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Genomics' Hot Streak

Genomics is continuing its sizzling streak, according to a report on influential people in science pulled together by Thomson Reuters.

In a post at the Huffington Post, Christopher King from Thomson Reuters ScienceWatch says that of the 17 "hot" researchers — those with highly cited papers from just the last two years — a dozen are working in genomics.

The hot papers, the report notes, are in the top 0.1 percent of citations, and these on-fire researchers have many such highly cited papers.

Leading the pack is Stacey Gabriel from the Broad Institute, who counts 23 hot papers to her name. Gabriel contributed to a number of highly cited The Cancer Genome Atlas papers as well as to other cancer genomics and autism-related papers.

A number of her colleagues at the Broad are also on the list, including Matthew Meyerson, Gad Getz, and Kristin Ardlie, among others. Eric Lander also makes an appearance — his 10th time landing on the list — with 20 steamy papers.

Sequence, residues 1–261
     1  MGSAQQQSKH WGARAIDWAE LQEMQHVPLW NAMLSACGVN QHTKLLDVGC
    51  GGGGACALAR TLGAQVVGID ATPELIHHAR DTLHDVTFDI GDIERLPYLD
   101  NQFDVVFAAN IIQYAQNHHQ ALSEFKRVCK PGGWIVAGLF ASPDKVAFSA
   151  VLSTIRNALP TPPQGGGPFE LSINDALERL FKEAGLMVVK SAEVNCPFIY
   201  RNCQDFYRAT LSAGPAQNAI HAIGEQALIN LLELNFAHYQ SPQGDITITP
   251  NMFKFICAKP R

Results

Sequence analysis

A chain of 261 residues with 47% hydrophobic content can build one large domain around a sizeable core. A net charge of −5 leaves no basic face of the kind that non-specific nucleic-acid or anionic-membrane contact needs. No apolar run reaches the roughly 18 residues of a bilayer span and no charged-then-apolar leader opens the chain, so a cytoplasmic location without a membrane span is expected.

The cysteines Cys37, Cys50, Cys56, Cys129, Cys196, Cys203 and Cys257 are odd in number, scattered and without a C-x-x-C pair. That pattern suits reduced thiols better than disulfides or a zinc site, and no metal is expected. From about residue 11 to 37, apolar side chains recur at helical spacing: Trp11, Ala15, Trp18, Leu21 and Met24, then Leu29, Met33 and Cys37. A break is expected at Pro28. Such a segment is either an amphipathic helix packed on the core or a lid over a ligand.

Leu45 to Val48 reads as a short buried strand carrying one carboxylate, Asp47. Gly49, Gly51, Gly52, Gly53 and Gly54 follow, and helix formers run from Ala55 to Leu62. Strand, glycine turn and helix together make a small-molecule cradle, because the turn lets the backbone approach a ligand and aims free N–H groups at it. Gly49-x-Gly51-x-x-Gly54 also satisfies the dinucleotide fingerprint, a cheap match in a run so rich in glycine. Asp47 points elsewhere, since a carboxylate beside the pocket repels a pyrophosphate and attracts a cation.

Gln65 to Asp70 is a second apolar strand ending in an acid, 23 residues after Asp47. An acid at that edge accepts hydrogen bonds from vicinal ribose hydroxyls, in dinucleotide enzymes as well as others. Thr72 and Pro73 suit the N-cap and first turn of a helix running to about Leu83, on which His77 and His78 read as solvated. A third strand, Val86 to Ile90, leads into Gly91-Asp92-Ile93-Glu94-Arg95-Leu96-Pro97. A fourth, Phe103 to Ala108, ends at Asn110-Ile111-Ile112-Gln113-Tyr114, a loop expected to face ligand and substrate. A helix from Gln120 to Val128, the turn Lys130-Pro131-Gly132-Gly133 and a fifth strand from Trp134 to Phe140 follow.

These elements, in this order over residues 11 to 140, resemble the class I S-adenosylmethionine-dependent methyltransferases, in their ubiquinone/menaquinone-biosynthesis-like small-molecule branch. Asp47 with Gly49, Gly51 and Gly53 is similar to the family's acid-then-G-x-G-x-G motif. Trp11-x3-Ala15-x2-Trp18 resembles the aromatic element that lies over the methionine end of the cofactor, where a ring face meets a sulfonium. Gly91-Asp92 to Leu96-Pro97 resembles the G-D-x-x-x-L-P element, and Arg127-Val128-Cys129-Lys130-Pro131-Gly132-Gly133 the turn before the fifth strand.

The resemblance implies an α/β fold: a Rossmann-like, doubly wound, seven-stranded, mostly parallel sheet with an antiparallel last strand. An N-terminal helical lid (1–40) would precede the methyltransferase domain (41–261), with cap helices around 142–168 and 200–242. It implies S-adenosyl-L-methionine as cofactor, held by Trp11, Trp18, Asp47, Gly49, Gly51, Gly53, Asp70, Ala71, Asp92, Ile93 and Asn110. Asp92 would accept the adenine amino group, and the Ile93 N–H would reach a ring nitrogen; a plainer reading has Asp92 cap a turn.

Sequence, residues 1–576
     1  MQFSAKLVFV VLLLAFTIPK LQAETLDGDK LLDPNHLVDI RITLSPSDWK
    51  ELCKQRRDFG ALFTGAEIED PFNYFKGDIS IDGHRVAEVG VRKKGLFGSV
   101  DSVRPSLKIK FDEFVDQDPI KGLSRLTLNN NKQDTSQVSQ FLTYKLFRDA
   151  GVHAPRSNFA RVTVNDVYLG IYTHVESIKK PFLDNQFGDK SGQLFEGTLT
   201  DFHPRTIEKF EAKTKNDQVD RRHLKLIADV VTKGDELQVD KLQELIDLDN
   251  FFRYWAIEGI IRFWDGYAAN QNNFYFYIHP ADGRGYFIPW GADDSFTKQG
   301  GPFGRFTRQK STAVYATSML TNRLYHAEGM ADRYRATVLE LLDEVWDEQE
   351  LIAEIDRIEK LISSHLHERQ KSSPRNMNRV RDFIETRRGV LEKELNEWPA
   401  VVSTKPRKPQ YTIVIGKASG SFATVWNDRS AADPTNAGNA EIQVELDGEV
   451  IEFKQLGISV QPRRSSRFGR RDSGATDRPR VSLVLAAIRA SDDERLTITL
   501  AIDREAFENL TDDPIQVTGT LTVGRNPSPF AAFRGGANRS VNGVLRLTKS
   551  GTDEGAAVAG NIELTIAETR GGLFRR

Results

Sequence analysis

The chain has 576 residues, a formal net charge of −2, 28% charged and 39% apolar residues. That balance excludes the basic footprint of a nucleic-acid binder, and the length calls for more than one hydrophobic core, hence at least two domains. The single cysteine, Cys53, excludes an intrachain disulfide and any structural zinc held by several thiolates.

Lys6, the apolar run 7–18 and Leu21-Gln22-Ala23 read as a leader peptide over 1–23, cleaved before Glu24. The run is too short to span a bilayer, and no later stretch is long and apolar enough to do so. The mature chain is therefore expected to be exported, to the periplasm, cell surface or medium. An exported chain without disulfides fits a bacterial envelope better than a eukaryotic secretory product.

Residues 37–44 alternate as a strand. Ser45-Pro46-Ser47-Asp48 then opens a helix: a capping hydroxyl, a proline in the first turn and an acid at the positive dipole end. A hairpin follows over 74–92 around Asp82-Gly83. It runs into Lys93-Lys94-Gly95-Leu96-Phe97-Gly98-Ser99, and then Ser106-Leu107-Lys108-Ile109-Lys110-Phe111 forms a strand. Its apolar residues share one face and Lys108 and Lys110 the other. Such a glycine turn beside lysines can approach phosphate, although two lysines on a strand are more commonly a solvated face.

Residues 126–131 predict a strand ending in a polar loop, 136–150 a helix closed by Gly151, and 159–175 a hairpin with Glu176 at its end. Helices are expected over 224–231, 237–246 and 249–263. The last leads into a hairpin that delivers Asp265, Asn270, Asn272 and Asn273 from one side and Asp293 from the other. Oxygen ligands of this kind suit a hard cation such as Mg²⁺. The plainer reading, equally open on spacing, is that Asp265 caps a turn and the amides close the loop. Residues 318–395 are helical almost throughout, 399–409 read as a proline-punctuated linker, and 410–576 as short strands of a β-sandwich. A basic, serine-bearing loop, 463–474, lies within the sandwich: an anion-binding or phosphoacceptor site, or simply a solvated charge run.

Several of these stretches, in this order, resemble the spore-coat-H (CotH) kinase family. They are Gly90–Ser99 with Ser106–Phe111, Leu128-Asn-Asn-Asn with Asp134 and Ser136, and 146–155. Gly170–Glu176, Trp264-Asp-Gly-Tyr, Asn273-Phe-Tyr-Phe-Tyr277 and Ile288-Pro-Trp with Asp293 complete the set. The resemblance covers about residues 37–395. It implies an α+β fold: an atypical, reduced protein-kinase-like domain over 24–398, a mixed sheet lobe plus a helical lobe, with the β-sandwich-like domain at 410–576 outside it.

Washington University in St. Louis' Richard Wilson, who also contributed to TCGA papers, leads that institution's showing with his return to the list with 21 hot papers, and Elaine Mardis is right on his heels with 20 hot papers, followed closely by Li Ding and Robert Fulton.

Brandeis University's Andrey Sivachenko is also lauded for his 17 highly cited genomics papers.

A number of materials scientists and a cardiologist studying warfarin and aspirin use in heart failure patients round out the non-genomic members of the hot list. Thomson Reuters also gives an honorable mention to the Higgs boson researchers.